Although a claw-foot tub would have been a charming option with the classic color scheme, we decided to offset more of the traditional items with a more modern tub. A sleek white slipper tub with an extra deep soaking depth will be beautiful in the floor-to-ceiling tiled nook.
A note on tubs: I learned my lesson regarding symmetrical tubs when we did our own master bathroom. Though beautiful, symmetrical tubs require more space than a slipper tub to truly be soak-worthy… But with a slipper tub (where it is sloped and higher on one side for your back), you are able to stretch your legs in less space, which is perfect for this nook which is just shy of 5 feet long.
The key to transitional bath design is the balancing of traditional and modern elements, while maintaining simple, clean lines as much as possible. So we coupled the more modern accents with more traditional polished nickel fixtures.
The sink faucets and wall mounted tub faucet are matching polished nickel faucets with a vintage feel. Cross handles and classic detailing go beautifully with the classic black and white tile. The shower faucet we chose is also in polished nickel and has a similar, classic feel.
We are continuing the classic polished nickel in our towel bars, ring, and toilet paper holder. I especially love the robe hooks in this line (which we also used in our own master bath). They’re charmingly classic!
Shop our classic black and white bathroom look
Master Bath Renovation
And now… it’s taken me so long to write this planning post that I have progress pics I can share! The new location for the door, shower, and water closet turned out perfect… and the tile and vanity are stunning. Here’s a sneak peek of the progress:
I can’t wait to have a fully finished product to show you all! Any questions? Leave a comment below, and be sure to pin this for later!
Wow!! You have inspired me!! I have the same type of old and sad bathroom! I got overwhelmed during Covid and didn’t want to run around to look at materials and price out the vanity!! You have literally done all the leg work for me!!
That’s wonderful, Anne! I am so glad you like the design and find it helpful. Best of luck to you on your project!!
Please send me the link to your post about a bathroom that had a tub with half shower door and a large window. I had it just now from following linking from this post but now can’t find it.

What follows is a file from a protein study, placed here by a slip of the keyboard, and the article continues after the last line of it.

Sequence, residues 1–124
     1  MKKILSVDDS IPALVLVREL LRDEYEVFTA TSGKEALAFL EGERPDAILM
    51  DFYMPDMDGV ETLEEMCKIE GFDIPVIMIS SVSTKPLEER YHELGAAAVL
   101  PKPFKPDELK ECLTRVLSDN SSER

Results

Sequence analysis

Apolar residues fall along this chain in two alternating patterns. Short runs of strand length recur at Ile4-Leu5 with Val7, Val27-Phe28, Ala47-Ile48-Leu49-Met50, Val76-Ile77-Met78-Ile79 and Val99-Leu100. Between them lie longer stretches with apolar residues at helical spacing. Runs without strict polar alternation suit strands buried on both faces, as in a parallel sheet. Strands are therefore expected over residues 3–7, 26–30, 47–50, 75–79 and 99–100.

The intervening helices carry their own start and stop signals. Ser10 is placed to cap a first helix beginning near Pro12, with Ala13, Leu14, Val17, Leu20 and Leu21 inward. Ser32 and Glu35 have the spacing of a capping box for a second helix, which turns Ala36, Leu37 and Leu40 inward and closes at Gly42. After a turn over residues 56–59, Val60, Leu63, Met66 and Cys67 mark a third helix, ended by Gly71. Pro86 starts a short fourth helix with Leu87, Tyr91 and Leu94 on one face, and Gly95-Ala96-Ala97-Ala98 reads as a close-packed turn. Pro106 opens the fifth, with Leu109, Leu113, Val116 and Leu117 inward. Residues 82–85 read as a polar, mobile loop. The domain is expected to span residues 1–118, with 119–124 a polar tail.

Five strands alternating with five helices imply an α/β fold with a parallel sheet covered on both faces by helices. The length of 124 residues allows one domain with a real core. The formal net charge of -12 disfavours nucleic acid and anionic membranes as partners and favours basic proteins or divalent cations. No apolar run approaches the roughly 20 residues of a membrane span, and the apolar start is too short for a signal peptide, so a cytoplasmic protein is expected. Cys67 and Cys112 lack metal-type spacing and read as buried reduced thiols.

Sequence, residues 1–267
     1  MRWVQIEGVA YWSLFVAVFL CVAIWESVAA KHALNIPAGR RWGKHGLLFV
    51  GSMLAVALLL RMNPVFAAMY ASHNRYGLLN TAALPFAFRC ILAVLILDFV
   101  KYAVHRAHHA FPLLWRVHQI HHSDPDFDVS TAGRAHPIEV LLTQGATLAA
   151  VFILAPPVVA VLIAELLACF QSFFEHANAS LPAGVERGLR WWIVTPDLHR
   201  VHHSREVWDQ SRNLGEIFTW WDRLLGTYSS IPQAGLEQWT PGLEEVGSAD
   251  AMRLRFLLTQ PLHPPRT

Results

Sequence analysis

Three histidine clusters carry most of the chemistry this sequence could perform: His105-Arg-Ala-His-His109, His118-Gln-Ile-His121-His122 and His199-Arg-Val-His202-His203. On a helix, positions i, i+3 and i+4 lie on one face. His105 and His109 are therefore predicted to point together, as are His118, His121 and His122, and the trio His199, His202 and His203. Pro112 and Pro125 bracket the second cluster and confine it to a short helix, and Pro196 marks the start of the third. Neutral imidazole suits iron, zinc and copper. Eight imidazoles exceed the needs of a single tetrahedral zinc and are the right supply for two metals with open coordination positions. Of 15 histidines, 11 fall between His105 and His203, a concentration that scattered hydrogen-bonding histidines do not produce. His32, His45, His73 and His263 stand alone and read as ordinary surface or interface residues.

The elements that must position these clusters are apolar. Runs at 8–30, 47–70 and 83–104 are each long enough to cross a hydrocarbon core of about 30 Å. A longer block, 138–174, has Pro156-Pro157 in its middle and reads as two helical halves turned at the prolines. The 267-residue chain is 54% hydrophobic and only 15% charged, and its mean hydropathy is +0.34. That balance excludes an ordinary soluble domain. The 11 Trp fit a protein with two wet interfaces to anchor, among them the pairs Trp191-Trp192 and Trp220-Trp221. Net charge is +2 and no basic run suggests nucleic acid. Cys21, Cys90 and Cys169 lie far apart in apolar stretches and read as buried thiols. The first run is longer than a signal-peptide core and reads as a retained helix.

I have a curved ceiling due to a hip roof. I have an alcove tub with no shower in it. Separate stall shower. Would you put tile all the way up as far as I can with that slope or just do partially as it is now in original bathroom from 1947 (yikes). It is a small bathroom and our only full one.
Your posts are great for seeing some ideas in pictures. I am considering the chandelier over the tub now. Thanks for any advice on the tile issue. It will be subway.
You can find the bathroom in question here. It was in our 1940 home, so I understand the challenges of small, older spaces! It’s tough to say for sure about the tile. We have angled ceilings in our attic bath at the ranch, and we still took the tile all the way up. However, if the angles are too complicated (or your tilers don’t feel comfortable that they can match that line), then a mid-way line would probably be lovely. I hope this helps!
Thanks Rachel. I appreciate your opinion and you understand small bathrooms! I am an indecisive renovator. Not a good thing!! Blogs help.
So glad you found my blogs helpful, Jeanne!
This is gorgeous! I love the slipper bath, it fits perfectly in thatspace – can’t wait to see the finished room!
Thank you, Jayne!
Would it be hard to clean the tub area? I’m not criticizing it in anyway. It is beautiful. I’m only asking for my own bath redesign in the future. Thank you!
Great question! I haven’t had any problems, but I haven’t spilled anything either. A quick wipe with a towel (for water) and a little swipe with the mop have been easy… but if I ever spill a soda back there, I might feel differently. 😉 Fortunately, I don’t often have things like that by the tub. Hope this helps!